“They do a good job, because they have some tough matchups with those tight ends,” Denver coach John Fox when asked about the matchup problems the Patriots’ offense possesses. “And you know, some people chose -- and we did early, [and] kind of adjusted as it went -- to put more athletic, smaller people out there to defend them because they do spread it out pretty good. So, it’s matchups, and once you get the little guys out there, it’s a little more inviting to run against.”
The 2012 team has a more consistent running attack, leading to greater offensive balance. In 2007, Laurence Maroney provided an occasional relief from the New England passing attack -- he finished with a career-best 835 yards and six touchdowns on 185 carries, a respectable 4.5 yards per carry. But through five games, Stevan Ridley is more than halfway there with 490 yards and four touchdowns. (That would put him on pace to finish the season with 1,568 rushing yards.) And with Brandon Bolden, Danny Woodhead and Shane Vereen continuing to work in complementary roles (Bolden would appear to be a safe bet to crack 500 yards), it would seem evident that the Patriots would have no problem breaking the 2007 mark of 1,849 rushing records as a team. That run-pass balance has played a large role in their success.
“Balance is good as long, as that’s the best thing for you to do to try to win the game and be successful,” said Patriots offensive coordinator Josh McDaniels. “But the last so many weeks -- and really all year -- we’ve been in the game or been ahead in the game and have had the ability to maintain our run-pass balance if you will. Again, we go into each week trying to figure out what the best way to play the game is and hopefully we choose a plan that will give our guys the best opportunity to be successful and so far I think that being balanced has been part of that formula.”
This team has a greater ability to control the tempo than the 2007 team. Part of this feeds into the success of the running game, but it is also seen in their work in the no-huddle offense -- they have leaned heavily on the hurry-up over the first five week, using it an average of 33 percent over the course of the first five games. Their ability to keep opposing defenses on their toes and play at such a high speed distinguishes them from the 2007 team, and it also figures into their ability to keep drives moving. Over the first five games of the 2007 season, the New England offense averaged 26 first downs a game, with a high of 28 first downs in the season opener against the Jets. In 2012, the Patriots have averaged 30 first downs over the first five weeks of the season, with 35 in last week’s win over the Broncos. (If they maintain their pace of 30.2 first downs a game, they’ll finish with 483, shattering the NFL record of 416 set last year by the Saints and the club mark of 399.) Their late-game loss to the Ravens aside -- where they couldn’t close out Baltimore on the road -- this Patriots team does a better job of managing the game than the 2007 squad.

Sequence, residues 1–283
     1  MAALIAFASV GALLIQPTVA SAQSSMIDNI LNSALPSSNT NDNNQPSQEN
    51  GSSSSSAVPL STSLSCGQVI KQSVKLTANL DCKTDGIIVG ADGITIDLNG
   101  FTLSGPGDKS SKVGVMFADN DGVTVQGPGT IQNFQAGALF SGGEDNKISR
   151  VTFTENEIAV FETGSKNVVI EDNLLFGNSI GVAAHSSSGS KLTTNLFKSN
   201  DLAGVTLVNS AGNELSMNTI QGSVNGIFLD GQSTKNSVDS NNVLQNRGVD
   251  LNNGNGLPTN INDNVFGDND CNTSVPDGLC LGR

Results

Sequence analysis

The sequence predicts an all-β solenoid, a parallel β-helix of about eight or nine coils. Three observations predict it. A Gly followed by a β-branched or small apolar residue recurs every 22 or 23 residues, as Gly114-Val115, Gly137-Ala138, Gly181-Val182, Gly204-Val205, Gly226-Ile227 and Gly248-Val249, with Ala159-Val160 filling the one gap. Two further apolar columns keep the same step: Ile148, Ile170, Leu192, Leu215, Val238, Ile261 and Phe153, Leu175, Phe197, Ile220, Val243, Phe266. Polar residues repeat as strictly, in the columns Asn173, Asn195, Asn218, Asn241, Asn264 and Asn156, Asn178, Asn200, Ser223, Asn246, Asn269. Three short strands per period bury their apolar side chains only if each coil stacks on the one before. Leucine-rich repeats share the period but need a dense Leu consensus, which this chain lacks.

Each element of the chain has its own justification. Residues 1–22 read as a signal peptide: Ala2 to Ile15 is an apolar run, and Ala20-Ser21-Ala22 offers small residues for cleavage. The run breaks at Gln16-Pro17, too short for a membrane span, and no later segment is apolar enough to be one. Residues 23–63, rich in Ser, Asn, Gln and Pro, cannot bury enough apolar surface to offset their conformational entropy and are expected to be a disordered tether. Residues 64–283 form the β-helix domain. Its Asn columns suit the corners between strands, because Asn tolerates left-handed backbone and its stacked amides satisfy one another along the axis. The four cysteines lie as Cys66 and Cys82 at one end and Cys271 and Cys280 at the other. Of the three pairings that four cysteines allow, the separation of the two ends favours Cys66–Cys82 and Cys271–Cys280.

“I think the most important thing is that we’re doing something, whatever that is, if we choose to play fast, we’re doing something that we know how to execute ourselves,” McDaniels said. “I think everything starts with our own execution and our own ability for all 11 of us work on the same page on every play. Sometimes that seems to be better playing at the line of scrimmage and other times it’s much better playing from the huddle. I think there are probably a number of factors that could decide what you choose to do each week, and we’ve kind of done both.”